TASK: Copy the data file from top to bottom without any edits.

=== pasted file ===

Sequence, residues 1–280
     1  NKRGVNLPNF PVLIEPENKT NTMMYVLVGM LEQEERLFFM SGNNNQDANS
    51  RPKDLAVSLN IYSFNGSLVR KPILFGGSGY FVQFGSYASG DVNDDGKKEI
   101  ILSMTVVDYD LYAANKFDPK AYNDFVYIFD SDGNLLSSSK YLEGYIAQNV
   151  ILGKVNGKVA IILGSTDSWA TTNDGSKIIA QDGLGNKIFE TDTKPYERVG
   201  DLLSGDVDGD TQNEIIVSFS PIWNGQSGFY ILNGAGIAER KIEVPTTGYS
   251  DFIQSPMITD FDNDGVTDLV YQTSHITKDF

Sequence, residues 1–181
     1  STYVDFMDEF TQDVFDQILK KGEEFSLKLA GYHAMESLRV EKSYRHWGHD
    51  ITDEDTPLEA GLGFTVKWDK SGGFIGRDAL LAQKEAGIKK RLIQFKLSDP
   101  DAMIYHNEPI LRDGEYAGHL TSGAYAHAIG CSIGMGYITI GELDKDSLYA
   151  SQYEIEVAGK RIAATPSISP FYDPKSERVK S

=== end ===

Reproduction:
Sequence, residues 1–280
     1  NKRGVNLPNF PVLIEPENKT NTMMYVLVGM LEQEERLFFM SGNNNQDANS
    51  RPKDLAVSLN IYSFNGSLVR KPILFGGSGY FVQFGSYASG DVNDDGKKEI
   101  ILSMTVVDYD LYAANKFDPK AYNDFVYIFD SDGNLLSSSK YLEGYIAQNV
   151  ILGKVNGKVA IILGSTDSWA TTNDGSKIIA QDGLGNKIFE TDTKPYERVG
   201  DLLSGDVDGD TQNEIIVSFS PIWNGQSGFY ILNGAGIAER KIEVPTTGYS
   251  DFIQSPMITD FDNDGVTDLV YQTSHITKDF

Sequence, residues 1–181
     1  STYVDFMDEF TQDVFDQILK KGEEFSLKLA GYHAMESLRV EKSYRHWGHD
    51  ITDEDTPLEA GLGFTVKWDK SGGFIGRDAL LAQKEAGIKK RLIQFKLSDP
   101  DAMIYHNEPI LRDGEYAGHL TSGAYAHAIG CSIGMGYITI GELDKDSLYA
   151  SQYEIEVAGK RIAATPSISP FYDPKSERVK S